Dir: Mabel Cheung. China-HK. 2003. 94mins.
This homage to Hong Kong action hero Jackie Chan, which opened the Panorama Documentary section at Berlin, was commissioned by Chan himself as a "family souvenir". But in the hands of director Mabel Cheung (known until now for features such as The Soong Sisters or City Of Glass) it has become a full length, 35mm documentary which, in telling the story of Jackie Chan's four "lost" half-brothers and half-sisters, takes the audience through almost a century of Chinese history. A shoe-in for television, it will not necessarily be as easy to position theatrically: serious kung fu fans may be bored, while those drawn by the historical angle will sometimes be frustrated by the Chan-centred view presented here. But this is essential viewing for the Tarantino generation of cineastes who were weaned on Hong Kong action features, filling in the sometimes harrowing background to the Chan legend.
It was only in 1999 that Jackie Chan learnt that he was not, as he had supposed, an only child. His father - a likeable but hard-edged rascal who has a jaunty white sailor's cap permanently glued to his head - revealed that he had had two sons in mainland China by a previous marriage. A Nationalist secret agent and small-time mafioso, he moved to Shanghai after his first wife's death to "get myself some turf", leaving the boys, aged nine and three, to fend for themselves. Here he met Jackie Chan's mother, a desperately poor woman with two daughters to support. When the Maoist revolution made it impossible for Nationalists to stay in Shanghai, Chan's mother and father fled south to Hong Kong, leaving the two girls - the eldest of whom was 16 - with relatives.
It was here in the former British colony, a place teeming with refugees, that Jackie Chan was born in 1954. Chan himself did not have an easy upbringing: he too was separated from his parents when he was only eight. When they moved to Australia, Chan was left behind in a Hong Kong circus and opera school, where he would hone his acrobatic skills for the following 10 years.
Chan tells the camera at a certain point that he used to dream that his father was in a plane, circling Hong Kong but never landing. But this is as far as the director goes in exposing the hurt and trauma that the eight-year-old Chan must have felt. Michael Moore would have probed the wound more deeply, but if Cheung fails to then it is not just because her subject is also her producer. Rather, one of her messages is how children also become victims of history, sketched in with short bursts of newsreel footage, and how resilient they are to its slings and arrows.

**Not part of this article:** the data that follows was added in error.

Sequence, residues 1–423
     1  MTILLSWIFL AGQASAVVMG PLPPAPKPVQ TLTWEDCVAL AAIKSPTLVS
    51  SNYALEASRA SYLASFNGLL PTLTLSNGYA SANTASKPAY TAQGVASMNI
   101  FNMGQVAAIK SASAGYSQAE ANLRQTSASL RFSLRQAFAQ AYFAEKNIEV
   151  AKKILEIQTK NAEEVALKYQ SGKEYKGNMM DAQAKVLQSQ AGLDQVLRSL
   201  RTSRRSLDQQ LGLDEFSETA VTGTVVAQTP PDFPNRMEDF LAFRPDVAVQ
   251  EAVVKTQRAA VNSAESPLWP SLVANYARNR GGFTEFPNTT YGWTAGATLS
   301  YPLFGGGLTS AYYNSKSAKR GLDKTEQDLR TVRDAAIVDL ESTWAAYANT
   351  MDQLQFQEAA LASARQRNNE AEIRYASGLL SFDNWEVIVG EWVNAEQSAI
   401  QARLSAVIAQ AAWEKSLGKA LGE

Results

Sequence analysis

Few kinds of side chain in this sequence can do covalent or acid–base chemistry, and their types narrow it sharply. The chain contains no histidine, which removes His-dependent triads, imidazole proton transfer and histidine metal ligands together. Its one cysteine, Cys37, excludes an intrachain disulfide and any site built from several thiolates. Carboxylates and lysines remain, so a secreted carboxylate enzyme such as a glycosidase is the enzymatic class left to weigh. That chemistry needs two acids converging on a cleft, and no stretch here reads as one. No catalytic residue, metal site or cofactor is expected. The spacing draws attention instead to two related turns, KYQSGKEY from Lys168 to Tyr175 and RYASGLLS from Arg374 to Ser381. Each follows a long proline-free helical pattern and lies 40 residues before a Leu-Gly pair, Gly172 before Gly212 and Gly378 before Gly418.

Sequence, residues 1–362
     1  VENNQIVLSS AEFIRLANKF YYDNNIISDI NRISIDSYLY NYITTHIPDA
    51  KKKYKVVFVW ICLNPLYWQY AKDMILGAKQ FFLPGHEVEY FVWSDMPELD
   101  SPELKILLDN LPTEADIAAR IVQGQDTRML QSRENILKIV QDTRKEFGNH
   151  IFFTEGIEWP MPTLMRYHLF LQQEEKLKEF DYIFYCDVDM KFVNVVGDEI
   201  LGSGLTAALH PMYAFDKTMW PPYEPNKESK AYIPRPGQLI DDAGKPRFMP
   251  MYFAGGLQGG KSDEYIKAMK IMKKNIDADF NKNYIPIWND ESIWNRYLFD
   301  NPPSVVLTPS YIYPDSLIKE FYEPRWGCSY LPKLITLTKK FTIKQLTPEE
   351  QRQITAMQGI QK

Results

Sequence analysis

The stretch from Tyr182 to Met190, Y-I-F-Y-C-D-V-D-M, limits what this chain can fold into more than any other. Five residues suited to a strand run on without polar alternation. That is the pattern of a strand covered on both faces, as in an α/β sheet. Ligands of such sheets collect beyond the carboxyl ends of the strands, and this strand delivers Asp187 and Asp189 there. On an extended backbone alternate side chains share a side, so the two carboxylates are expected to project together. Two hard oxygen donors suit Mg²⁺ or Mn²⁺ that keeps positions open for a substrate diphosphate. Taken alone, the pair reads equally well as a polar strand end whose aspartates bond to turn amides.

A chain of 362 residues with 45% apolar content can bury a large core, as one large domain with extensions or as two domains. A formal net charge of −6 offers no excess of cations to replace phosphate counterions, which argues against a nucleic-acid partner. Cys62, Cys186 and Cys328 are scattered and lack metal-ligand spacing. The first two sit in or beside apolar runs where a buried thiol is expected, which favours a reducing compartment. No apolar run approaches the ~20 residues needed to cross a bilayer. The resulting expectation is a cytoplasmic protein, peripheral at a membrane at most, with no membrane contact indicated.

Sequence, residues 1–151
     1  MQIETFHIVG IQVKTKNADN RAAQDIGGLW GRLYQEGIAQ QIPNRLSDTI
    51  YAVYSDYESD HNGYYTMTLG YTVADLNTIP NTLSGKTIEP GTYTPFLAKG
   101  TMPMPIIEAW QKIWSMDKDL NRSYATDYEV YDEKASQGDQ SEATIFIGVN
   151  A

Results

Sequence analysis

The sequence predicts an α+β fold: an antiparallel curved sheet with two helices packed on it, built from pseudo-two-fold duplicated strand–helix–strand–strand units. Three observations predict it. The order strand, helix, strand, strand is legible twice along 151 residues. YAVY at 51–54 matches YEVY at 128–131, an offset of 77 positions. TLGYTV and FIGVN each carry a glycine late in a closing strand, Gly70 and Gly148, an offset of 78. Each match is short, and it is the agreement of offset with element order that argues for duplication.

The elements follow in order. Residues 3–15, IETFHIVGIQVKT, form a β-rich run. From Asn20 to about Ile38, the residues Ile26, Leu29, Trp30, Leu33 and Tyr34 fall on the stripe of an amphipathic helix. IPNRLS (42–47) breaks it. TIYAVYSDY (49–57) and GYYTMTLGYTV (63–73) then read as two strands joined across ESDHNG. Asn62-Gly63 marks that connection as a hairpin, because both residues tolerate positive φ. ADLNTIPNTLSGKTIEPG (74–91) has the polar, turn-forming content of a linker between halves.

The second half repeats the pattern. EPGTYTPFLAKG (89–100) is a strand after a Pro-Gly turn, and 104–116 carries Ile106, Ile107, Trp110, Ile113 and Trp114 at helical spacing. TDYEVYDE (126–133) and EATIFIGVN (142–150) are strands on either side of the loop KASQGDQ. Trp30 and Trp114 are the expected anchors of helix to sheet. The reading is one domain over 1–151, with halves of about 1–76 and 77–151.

In the end, it is not the revelations about Chan's past, shot supposedly as his father told him, that draws the audience in, although there is a distinct feeling Chan already knew a lot of this.
Nor is it the anticipated meeting between Chan and his lost siblings, which never materialises. Rather, it is the details that really hit home: the slightly uneasy camaraderie between Chan and his father, which can be seen as a resentment on Chan's part that he has never quite shaken off; the fact that the youngest of his mainland half-brothers, once a pig farmer, has dressed up in a suit and tie for his interview; or a touching scene of Chan feeding his ageing mother in a nursing home. These moments carry the film far more than the disposable making-of-a-legend sequences and interviews that multiply once the narrative moves into the Hong Kong superstar's own lifetime.
Prod co: Jackie & Willie Productions
Int'l sales: Fortissimo
Prod: Willie Chan, Solon So
Cinematography: Arthur Wong
Ed: Maurice Li
Music: Henry Lai